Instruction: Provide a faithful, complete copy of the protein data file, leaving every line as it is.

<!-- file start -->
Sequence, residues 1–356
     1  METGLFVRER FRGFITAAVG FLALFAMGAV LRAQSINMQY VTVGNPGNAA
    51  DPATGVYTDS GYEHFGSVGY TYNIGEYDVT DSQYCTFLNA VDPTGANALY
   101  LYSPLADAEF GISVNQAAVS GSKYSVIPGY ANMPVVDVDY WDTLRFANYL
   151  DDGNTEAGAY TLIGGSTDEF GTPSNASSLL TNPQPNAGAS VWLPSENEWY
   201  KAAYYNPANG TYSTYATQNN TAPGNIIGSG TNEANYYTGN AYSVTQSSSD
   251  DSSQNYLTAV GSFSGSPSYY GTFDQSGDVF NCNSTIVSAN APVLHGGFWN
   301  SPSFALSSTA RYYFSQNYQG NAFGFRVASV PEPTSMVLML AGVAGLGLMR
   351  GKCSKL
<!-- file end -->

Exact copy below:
Sequence, residues 1–356
     1  METGLFVRER FRGFITAAVG FLALFAMGAV LRAQSINMQY VTVGNPGNAA
    51  DPATGVYTDS GYEHFGSVGY TYNIGEYDVT DSQYCTFLNA VDPTGANALY
   101  LYSPLADAEF GISVNQAAVS GSKYSVIPGY ANMPVVDVDY WDTLRFANYL
   151  DDGNTEAGAY TLIGGSTDEF GTPSNASSLL TNPQPNAGAS VWLPSENEWY
   201  KAAYYNPANG TYSTYATQNN TAPGNIIGSG TNEANYYTGN AYSVTQSSSD
   251  DSSQNYLTAV GSFSGSPSYY GTFDQSGDVF NCNSTIVSAN APVLHGGFWN
   301  SPSFALSSTA RYYFSQNYQG NAFGFRVASV PEPTSMVLML AGVAGLGLMR
   351  GKCSKL